One stumble followed another and Trump still stood, but, ah, but what if the Russians had undermined our democracy and Trump actually arranged this thing? Impeachment, that's what, and the search and media mayhem were on, powerfully aided by U.S. intelligence agents feloniously leaking classified information. What were these criminals doing? Trying to make the Russian threat come in second to some in our own government?
Now, we have a special counsel, Robert Mueller, someone who thinks he's above the law and has the might and moolah to go just about any direction he wants in a Russian collusion investigation that has now produced indictments.
Two are of Paul Manafort and an aide. They are charged with getting laundered millions from foreigners overseas long before Manafort became a short-term Trump campaign manager. He was much involved in Russian interests in Ukraine, Manafort was, and worked with a Democratic lobbying firm that visited with congressional honchos of liberal intent – another collusion possibility?
The charges against Manafort could put him in prison for years even though they are legally slippery. A point may be to get him to talk about Trumpian doings, it's said, and that brings us to the third indictment.
It tags George Popadopoulos, a low-level campaign volunteer who tried to set up a Trump-Russia summit meeting reportedly frowned on by higher aids. That does not sound exactly criminal. Yes, Popadopoulos was once told the Russians had lots of email dirt on Clinton, but he seems to have received none of it. Zip, zero. What he admitted guilty to was a charge of lying to the FBI, and now, to get out from under, he is cooperating in possibly delivering dirt on the Trump team.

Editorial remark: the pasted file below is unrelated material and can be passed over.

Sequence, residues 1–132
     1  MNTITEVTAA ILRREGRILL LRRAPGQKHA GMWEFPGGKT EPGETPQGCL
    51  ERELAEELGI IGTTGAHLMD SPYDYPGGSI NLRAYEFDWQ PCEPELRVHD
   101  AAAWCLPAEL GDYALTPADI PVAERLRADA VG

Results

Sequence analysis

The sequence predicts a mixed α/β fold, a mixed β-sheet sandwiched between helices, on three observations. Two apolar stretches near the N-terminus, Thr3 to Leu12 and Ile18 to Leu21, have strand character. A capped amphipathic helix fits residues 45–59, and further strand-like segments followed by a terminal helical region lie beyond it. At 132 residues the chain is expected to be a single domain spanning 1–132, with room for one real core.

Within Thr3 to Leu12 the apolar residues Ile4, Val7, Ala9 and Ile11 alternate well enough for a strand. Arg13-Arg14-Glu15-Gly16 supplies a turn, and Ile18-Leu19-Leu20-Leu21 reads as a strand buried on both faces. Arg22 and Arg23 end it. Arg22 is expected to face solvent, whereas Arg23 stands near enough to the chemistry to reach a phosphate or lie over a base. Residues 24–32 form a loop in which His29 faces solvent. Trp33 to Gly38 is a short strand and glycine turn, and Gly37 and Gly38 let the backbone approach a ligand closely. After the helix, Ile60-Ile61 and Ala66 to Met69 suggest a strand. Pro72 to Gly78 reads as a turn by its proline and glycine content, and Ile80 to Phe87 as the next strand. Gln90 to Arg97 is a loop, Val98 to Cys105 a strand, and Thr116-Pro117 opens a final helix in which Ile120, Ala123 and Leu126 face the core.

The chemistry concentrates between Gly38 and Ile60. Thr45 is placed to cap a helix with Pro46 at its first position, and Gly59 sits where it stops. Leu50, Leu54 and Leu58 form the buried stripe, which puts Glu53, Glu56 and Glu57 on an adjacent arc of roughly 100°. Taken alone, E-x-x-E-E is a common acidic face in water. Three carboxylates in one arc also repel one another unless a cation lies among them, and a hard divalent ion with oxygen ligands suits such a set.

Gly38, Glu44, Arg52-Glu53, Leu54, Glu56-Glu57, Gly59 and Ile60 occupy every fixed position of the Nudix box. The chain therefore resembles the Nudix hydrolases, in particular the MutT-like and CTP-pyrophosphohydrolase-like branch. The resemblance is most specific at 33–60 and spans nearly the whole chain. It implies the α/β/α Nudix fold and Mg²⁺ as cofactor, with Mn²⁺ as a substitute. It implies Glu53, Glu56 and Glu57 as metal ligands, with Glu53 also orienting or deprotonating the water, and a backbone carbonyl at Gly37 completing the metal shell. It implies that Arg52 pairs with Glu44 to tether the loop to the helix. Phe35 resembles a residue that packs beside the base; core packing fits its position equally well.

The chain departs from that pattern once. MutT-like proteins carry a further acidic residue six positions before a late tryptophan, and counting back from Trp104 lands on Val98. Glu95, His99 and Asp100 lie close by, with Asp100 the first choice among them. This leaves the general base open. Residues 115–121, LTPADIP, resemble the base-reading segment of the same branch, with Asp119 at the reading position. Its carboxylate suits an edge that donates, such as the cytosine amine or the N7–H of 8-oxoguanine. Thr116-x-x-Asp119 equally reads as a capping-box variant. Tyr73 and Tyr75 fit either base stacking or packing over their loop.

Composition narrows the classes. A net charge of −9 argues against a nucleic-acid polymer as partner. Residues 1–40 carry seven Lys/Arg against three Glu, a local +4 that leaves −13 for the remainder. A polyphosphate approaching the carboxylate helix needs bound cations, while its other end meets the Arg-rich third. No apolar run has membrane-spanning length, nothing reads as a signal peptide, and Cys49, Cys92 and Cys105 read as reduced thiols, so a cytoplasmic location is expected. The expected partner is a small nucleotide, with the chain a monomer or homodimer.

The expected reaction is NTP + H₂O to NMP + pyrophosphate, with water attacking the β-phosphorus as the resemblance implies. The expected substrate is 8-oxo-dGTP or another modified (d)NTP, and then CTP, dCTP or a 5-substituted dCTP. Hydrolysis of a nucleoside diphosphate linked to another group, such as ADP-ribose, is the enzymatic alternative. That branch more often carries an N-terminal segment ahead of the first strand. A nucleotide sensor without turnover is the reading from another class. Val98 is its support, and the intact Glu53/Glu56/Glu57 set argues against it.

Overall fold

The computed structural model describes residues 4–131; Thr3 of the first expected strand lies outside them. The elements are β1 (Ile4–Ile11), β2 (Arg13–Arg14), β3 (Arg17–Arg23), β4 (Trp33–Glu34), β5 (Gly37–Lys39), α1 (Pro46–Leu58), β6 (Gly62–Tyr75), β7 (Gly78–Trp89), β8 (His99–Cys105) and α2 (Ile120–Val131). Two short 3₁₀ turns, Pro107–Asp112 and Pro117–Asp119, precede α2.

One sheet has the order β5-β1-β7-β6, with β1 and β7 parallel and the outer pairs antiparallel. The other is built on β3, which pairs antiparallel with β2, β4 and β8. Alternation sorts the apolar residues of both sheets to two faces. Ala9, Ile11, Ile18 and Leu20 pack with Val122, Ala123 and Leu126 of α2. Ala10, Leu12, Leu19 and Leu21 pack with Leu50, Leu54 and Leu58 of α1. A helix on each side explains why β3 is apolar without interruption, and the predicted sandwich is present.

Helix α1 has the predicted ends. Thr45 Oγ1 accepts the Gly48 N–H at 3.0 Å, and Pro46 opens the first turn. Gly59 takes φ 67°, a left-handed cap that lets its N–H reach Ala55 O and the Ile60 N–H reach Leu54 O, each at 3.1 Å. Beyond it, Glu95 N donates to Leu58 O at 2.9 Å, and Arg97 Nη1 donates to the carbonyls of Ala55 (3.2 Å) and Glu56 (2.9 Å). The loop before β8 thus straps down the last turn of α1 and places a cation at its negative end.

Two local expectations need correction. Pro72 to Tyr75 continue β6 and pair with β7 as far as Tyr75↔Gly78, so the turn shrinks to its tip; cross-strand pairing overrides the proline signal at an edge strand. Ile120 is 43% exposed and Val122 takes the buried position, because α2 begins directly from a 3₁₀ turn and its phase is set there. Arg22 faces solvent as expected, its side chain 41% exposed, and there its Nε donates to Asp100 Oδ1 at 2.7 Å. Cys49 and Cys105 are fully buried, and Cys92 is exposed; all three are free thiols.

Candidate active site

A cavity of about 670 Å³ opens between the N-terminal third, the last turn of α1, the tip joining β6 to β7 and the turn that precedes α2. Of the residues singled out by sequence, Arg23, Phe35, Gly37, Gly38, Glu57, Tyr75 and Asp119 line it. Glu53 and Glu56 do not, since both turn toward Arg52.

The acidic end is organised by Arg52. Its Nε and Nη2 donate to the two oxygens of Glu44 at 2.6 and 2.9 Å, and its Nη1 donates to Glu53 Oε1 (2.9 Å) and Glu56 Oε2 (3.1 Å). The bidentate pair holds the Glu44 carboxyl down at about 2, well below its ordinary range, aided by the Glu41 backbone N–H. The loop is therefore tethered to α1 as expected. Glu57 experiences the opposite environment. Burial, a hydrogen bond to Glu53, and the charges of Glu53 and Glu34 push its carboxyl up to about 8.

On that score, he might take lessons from the Hillary Clinton presidential campaign. It dished out $9 million to a British ex-spy who then apparently gave big money to Russians who fed the campaign fake news trashing Trump. This scintillating balderdash was contained in what is known as "the dossier," which maybe played a role in getting the federal government started on its Trumpian hunt.
The get-Trump-or-die crowd says references to the Clintons are a misleading distraction, which is itself politically crowned hokum. For a contrary dose of truth, start with the Uranium One scandal in which the Clinton Foundation obtained millions while Bill Clinton helped Russia become a foremost uranium power in the world, acquiring huge weaponizing and energy advantages over America.
Clinton supporters stress there was no sign of a quid pro quo from then Secretary of State Hillary Clinton in the government-approved deal that turned over 20 percent of our own deficient uranium supplies. But there is no doubt of one thing: the moral corruption of a former president who is as good at colluding as it gets.
Collusion in itself is not a crime, of course, but, if you have to find a crime someplace, an independent special counsel with gotcha as a mission is the way to do it. Mueller, said to be a man of integrity, once as FBI director disregarded an important separation-of-powers law as well as orders from a presidentially instructed attorney general that he heed it.
A court finally flummoxed him, but where is it now when he has put together a Democratically partisan staff and has as a chief witness his old buddy, another former FBI director named James Comey? Those moves are not kosher, and while Mueller is not about to go away, we need to have all-out congressional investigations of Russia that make no partisan distinctions on the home front.
– Jay Ambrose is a columnist for Tribune News Service. Readers may email him at email@example.com.